Djokovic, who is known for his new-age spiritual interests, has made two trips this year, hailing the site as a “paradise on earth.”
The mountain is now part of a controversial pyramid park founded by Semir Osmanagic, a 60-year-old self-styled explorer who “discovered” the site just outside of Sarajevo in 2005.
“I saw this hill covered with fir trees and vegetation, its slopes perfectly oriented toward the cardinal points,” Osmanagic, wearing a leather jacket and Indiana Jones-style hat, said on a recent weekend while leading a tour group through the site.
“It was obvious to me that it was not a natural hill but the construction” of a “technologically superior civilization,” he said, insisting it is the “largest and oldest pyramid ever built.”
Archaeologists have long ago disputed this theory as pseudo-science, saying the hill is a natural geological structure.
In a letter to Bosnian authorities in 2006, European archaeologists denounced the support given to a “cruel hoax on an unsuspecting public” that “has no place in the world of genuine science.”
But this did not prevent Osmanagic, previously a US-based businessman, from carrying out “archaeological excavations” on the hill with hundreds of volunteers from abroad.
He bought a piece of surrounding land, which includes a network of tunnels he says emit a curative energy force, and a few years later opened the park through his “Bosnian Pyramid of the Sun” foundation.
Today, the park is buzzing with visitors, who have come in even higher numbers since two recent trips from Djokovic.
In July and October, Djokovic made pilgrimages to the park and invited “all athletes” to take advantage of the healthy oxygen levels.
“I know there are many doubts and dilemmas about the authenticity (of the place),” he said in October.
But “in order to fully understand what is going on here... you have to come.”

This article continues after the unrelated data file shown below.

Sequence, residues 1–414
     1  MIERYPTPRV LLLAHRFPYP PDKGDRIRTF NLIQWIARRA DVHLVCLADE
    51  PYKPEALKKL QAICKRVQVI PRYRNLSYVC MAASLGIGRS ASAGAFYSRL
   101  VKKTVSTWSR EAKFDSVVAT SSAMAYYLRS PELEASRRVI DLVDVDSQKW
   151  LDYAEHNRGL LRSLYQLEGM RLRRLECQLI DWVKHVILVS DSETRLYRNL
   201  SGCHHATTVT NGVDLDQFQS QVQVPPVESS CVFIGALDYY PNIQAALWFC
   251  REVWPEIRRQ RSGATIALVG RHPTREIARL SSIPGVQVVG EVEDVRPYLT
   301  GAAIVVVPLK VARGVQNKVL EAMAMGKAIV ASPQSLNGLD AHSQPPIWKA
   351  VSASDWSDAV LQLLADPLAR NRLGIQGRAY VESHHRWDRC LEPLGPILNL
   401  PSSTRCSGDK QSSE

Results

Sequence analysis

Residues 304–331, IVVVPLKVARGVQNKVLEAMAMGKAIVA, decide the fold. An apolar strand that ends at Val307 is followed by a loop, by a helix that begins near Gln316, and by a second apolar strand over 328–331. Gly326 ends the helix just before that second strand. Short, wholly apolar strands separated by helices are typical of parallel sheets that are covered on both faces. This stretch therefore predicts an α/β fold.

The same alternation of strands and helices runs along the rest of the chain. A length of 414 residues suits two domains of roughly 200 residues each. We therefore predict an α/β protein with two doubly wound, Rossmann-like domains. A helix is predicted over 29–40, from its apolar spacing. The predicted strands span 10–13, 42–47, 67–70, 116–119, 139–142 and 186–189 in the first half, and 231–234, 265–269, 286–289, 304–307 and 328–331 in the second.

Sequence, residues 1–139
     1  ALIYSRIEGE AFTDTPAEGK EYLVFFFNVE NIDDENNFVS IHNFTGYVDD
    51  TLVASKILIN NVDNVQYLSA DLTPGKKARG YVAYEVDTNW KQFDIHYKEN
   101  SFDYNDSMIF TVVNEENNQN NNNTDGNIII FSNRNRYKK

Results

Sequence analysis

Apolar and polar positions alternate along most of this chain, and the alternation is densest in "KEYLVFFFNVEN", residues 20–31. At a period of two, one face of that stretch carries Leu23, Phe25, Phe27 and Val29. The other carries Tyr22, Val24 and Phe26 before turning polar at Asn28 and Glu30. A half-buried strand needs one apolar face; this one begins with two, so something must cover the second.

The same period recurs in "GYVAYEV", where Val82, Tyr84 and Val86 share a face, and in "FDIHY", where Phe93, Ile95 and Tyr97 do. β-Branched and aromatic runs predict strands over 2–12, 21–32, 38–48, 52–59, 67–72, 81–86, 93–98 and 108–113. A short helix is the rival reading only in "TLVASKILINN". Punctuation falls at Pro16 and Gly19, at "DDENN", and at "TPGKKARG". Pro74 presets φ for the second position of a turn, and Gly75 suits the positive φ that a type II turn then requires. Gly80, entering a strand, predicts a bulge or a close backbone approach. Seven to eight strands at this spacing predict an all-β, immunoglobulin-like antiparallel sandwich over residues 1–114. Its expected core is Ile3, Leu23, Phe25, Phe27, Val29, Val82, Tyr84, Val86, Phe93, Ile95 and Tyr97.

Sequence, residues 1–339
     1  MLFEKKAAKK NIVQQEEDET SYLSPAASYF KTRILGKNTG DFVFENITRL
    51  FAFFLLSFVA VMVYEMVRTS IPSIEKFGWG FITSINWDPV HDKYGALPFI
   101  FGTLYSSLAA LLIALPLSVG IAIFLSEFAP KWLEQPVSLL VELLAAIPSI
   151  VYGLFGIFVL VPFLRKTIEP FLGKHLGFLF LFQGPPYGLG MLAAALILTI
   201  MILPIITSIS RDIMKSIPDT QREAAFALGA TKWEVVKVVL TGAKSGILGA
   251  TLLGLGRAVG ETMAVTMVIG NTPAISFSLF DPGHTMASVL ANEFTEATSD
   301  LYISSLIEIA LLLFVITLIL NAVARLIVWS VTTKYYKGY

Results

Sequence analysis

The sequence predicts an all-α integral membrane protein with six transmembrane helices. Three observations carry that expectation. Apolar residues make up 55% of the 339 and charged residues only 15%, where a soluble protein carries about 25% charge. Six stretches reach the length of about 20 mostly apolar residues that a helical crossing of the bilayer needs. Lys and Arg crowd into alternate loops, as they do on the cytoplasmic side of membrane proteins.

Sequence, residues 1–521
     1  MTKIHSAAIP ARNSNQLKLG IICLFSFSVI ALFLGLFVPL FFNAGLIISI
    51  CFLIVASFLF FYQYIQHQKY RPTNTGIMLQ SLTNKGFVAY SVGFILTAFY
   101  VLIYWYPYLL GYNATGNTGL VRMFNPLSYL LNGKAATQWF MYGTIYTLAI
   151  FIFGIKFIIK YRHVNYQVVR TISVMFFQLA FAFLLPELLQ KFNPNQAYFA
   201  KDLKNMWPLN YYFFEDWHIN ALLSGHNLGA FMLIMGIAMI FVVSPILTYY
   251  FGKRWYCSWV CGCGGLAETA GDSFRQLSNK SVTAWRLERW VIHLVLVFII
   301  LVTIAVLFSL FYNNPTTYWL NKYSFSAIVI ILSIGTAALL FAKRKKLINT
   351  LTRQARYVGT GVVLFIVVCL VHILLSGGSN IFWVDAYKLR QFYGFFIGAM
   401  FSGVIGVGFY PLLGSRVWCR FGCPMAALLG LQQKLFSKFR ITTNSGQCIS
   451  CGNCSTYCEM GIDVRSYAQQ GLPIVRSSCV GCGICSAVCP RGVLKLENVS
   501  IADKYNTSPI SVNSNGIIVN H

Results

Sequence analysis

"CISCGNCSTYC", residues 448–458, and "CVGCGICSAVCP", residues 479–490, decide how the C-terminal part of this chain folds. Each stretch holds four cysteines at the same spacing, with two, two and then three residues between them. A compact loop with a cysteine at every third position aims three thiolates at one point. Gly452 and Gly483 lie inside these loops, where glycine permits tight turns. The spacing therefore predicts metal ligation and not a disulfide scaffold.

After a quiet spring subdued by the pandemic, weekend crowds are back at the park, consisting mostly of visitors from the region.
“The beginning of the season was catastrophic, but since Djokovic has been here, it’s been a joy,” says Nermin Alihodzic, 47, who sells tourists colorful mini-pyramids and pieces of quartz.
While the government stopped backing the park over a decade ago, local authorities have helped finance the construction of roads, parking lots and other infrastructure to encourage tourists.
A five-euro ($5.94) entry fee for the whole park also includes access to the underground tunnel network which Osmanagic claims emit healing electromagnetic waves.
In his tour of the park, Osmanagic takes groups down to the chambers, urging them to hold their hands over a smooth rock and feel the “energy” rising.
Dzenana Halepovic, a 67-year-old from Sarajevo, is a frequent visitor.
In the tunnels “I feel good, I breathe well, I feel light. I simply feel like I’m receiving energy there,” she said.
For Enver Imamovic, a professor emeritus of archaeology at the University of Sarajevo, the project is pure scam.
The tunnels are likely “remnants of an ancient gold mine” while wedges of stones on the hillside, which believers consider to be the building blocks of the pyramid, are “nothing more than natural geological formations,” he said.
“Everything that is said about the pyramids is absolutely unacceptable.”
Founder Osmanagic has also been promoting the site as a place to “boost immunity” during the coronavirus pandemic.
While he insists no cures are guaranteed, he cites other alleged miracles in which people have been healed of ailments like hypertension, diabetes or even cancer after a trip to the underground tunnels.